How to Increase Confidence in Sprint Planning with Jira Velocity Charts

Jira-Velocity-Story-Point-Completion

How consistent is your delivery for each sprint? Is your team overcommitting or under committing? Are your estimates accurate?

And if not, why not?

Jira Sprint Reports (and specifically the Jira Velocity Chart) are ultra-handy reports that can answer these questions, letting you visualize what you deliver versus what you plan. It lets you predict the amount of work your team can get done in future sprints, and see and understand the problems that could be making your delivery less consistent than you’d like.

This article looks at why it’s one of the most popular Jira reports among Scrum teams.

What is the Jira Velocity Chart?

The Jira Velocity Chart displays grey and green bars. The grey bar is the story points you have planned for the sprint, while the green bar is how many story points you’ve actually finished. Ideally, the two bars for each sprint should be the same height.

What’s great is that this neat and simple little chart got an upgrade in the Jira Software 8.9 release a few months ago. Previously only displaying the last 7 sprints completed by the team, it now shows up to 120 sprints, letting you choose a pre-defined timeframe or custom date range.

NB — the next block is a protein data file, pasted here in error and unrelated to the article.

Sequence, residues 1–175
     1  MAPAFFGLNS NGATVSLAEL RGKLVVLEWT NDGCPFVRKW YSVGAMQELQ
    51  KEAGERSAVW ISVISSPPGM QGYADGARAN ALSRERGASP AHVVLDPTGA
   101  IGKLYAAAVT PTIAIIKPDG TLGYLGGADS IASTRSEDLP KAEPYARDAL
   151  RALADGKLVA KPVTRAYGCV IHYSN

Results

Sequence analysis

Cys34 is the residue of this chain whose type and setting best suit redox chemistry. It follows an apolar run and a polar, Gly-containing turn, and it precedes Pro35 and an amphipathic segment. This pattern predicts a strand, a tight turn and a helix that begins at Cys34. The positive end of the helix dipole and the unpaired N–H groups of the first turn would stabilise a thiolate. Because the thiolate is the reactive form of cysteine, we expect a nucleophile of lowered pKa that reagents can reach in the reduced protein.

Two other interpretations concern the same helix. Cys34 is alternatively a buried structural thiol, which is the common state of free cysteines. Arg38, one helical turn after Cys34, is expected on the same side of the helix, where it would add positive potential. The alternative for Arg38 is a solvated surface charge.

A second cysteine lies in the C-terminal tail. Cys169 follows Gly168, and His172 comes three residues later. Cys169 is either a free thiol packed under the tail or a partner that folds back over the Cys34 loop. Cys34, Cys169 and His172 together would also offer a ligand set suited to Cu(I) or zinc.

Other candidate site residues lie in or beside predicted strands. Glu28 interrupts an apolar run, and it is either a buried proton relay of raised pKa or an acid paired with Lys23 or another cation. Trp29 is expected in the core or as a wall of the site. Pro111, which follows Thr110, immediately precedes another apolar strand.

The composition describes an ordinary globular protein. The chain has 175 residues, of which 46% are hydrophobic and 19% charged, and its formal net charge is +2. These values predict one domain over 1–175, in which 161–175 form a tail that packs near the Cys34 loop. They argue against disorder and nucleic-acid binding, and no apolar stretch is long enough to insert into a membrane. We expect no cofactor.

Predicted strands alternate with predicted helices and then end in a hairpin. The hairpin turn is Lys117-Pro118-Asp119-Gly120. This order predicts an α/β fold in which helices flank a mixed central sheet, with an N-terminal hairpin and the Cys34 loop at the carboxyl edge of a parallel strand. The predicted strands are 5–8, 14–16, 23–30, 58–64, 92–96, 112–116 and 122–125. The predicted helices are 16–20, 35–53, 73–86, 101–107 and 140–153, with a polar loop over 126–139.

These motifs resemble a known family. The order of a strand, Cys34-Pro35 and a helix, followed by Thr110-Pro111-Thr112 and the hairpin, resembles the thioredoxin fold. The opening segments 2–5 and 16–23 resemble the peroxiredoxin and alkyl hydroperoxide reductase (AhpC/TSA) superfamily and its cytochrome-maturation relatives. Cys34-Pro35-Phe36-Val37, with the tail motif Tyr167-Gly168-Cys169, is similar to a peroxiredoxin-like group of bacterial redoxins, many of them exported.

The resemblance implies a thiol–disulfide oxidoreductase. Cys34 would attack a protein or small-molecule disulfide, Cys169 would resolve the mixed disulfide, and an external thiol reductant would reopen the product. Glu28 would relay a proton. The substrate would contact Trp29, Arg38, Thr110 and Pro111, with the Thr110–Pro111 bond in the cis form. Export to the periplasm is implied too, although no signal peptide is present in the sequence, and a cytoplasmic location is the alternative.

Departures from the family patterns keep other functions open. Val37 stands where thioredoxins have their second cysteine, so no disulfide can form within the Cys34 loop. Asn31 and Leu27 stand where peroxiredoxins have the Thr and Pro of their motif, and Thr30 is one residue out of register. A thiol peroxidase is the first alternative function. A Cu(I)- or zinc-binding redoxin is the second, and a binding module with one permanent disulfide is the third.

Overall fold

Another new feature with Jira 8.9 is the horizontal grey line. This is the average velocity of your team, i.e. the average of the total completed work—the grey bars—over the last however-many sprints. In the old version of the Velocity Chart, you had to calculate the average yourself. And the fact that the chart can now show dozens of sprints instead of 7 means you get a much more insightful average, particularly if there’s high variability in your sprints.

The Jira Velocity Chart is a valuable tool when sprint planning. You’re able to get a sense of the volume of work you’re likely to be able to accomplish in the upcoming sprint, so you can decide how much you could feasibly commit to. Importantly, the chart lets you analyze the consistency of your delivery and assess whether process improvements can be made or requirements should be honed.